This combination of a female American Pie and female Superbad, with an entirely different, “adults being stupid” film, is pretty funny but has some moments where the Liberal Hollywood propaganda about diversity and female equality are put centre stage, instead.
So, the laughs are pretty consistent throughout the movie, though it gets off to a bit of a slow start, where the laughs just aren’t there because, for whatever reason, the audience isn’t quite warmed up yet. And some of the jokes throughout are like that, where they fail to land because the delivery is weird or they’re maybe just a little too subtle (that’s not really a bad thing, necessarily). But aside from the beginning and a few other moments (see below), this has pretty consistent laughs from front to back.
The cast is pretty solid and everyone is game, none more than John Cena, who probably further alienates the remaining fans he had from wrestling, by his willingness to do some pretty emasculating things (only one of which is in the trailer), which certain people will think make him less of man or, heaven forbid, not hetero-normative.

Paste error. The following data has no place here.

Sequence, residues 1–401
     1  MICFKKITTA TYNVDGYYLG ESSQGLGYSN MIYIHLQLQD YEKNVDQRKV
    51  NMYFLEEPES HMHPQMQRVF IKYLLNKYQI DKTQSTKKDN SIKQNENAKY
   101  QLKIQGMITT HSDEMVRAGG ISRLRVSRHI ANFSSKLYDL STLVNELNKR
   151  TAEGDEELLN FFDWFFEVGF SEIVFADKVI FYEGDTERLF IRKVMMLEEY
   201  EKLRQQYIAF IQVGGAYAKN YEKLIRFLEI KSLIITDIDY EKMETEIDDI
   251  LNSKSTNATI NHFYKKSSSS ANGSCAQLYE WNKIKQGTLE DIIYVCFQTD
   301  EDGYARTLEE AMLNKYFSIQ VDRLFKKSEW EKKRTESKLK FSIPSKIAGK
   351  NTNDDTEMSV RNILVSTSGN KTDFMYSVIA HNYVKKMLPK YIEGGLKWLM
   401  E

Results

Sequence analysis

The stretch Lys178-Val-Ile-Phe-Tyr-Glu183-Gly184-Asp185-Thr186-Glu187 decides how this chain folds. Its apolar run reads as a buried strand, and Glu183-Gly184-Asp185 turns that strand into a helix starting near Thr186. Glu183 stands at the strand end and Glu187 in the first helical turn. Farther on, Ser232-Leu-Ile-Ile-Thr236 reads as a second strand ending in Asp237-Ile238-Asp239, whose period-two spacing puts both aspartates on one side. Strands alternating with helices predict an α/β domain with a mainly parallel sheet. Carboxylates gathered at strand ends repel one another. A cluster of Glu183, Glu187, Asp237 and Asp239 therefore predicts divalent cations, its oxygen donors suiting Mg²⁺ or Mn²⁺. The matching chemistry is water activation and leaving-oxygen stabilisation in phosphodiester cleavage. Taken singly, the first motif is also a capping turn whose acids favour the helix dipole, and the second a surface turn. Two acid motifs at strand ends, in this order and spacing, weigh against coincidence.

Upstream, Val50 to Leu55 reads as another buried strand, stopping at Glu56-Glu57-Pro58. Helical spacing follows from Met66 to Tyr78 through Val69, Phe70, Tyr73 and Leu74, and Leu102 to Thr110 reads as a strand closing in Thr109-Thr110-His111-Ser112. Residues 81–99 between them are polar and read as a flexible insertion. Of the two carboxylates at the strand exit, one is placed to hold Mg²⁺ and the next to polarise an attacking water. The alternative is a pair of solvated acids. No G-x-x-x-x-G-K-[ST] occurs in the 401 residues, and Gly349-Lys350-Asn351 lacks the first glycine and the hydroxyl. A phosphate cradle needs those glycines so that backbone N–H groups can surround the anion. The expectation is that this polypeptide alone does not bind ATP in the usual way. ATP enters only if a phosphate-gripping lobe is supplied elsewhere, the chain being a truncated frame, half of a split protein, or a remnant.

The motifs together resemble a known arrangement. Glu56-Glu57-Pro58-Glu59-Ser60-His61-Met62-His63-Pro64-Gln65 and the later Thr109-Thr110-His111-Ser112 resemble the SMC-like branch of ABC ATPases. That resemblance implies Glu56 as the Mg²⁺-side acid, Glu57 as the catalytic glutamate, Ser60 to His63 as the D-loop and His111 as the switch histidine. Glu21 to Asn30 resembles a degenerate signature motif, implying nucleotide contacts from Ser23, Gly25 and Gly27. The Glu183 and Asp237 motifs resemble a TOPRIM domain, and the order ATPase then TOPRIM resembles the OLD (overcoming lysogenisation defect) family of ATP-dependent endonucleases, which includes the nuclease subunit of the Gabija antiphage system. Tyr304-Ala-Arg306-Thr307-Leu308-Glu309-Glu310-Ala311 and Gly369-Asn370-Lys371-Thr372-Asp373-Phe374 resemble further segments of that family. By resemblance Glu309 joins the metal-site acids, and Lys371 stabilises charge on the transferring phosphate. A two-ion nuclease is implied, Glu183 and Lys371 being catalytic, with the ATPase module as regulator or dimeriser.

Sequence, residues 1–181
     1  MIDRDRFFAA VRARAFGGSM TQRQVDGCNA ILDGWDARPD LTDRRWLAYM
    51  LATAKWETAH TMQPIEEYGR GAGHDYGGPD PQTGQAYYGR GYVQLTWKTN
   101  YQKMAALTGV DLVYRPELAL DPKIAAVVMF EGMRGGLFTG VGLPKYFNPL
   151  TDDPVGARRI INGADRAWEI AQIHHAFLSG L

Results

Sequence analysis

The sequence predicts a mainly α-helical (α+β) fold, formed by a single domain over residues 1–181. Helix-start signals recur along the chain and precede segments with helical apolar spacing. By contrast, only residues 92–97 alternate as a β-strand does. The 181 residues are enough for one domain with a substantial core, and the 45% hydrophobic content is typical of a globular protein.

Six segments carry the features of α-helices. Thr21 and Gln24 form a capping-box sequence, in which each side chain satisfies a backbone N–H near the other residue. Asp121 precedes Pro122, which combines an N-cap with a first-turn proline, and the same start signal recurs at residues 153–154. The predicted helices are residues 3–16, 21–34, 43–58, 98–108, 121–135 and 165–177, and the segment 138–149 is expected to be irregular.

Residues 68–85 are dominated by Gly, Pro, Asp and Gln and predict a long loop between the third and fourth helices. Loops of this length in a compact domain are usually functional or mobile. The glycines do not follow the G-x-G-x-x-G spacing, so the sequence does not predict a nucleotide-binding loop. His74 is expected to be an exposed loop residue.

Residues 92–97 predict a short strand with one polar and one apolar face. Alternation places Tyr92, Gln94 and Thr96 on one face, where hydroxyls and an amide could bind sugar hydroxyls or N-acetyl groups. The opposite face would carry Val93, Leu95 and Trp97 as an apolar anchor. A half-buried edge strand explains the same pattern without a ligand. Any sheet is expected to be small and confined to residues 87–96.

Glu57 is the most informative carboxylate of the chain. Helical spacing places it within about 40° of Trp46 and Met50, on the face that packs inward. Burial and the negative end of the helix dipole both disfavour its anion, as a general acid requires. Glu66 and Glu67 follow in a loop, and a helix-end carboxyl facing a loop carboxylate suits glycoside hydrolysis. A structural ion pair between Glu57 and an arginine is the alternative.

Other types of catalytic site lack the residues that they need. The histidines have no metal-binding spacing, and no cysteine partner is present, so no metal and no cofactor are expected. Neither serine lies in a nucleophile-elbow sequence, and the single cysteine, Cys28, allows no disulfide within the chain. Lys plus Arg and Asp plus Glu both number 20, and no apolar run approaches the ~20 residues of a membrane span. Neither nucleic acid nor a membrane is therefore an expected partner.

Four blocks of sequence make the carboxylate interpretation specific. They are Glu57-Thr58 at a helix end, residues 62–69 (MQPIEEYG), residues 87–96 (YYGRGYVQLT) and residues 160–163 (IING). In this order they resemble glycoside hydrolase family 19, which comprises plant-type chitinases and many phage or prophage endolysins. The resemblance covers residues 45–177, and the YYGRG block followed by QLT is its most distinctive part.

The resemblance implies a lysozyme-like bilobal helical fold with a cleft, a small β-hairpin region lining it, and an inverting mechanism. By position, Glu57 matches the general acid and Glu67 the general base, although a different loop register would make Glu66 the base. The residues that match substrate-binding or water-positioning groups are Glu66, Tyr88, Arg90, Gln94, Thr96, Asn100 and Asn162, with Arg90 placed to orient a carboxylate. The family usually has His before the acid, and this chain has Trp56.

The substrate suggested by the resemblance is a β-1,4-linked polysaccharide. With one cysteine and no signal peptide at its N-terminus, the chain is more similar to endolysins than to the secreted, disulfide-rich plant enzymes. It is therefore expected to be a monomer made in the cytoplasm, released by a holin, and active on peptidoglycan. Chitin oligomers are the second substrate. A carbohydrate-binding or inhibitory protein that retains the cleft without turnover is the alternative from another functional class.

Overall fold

But the young women, who are maybe not as good at the comedic moments as their parents, are certainly very believable in their roles and one of which, at least, embodies a fairly unfamiliar role in Hollywood teen comedies, the Indian American jock girl. So that spin is also refreshing.
But I have two pretty big issues with the film as a film, one of which I knew would happen, the other of which is a bit of a surprise.
So, first off, the serious moments are, for the most part, played entirely serious, and leave rather big gaps in between the otherwise consistent laughs. There’s one messagey speech about female empowerment and then the tete-tetes between parents and children, which resolve the conflicts, are all a little too serious, and lacking in attempts at humour, to work for me. This is a comedy and I want to laugh the whole time, not get life lessons. (I can, however, try to imagine being a teenage girl or young woman and find this stuff far more compelling than all the male-oriented teens movies Hollywood has made, so there’s that.)
But the other problem, which is perhaps bigger, is that this is two different films sandwiched together. Some of the time that works, but it often feels like we’re jumping from one to the other, until the climax. And at times that’s jarring. (It’s also worth noting that one of them is funnier than the other. Guess which one.)
But I laughed enough, for sure.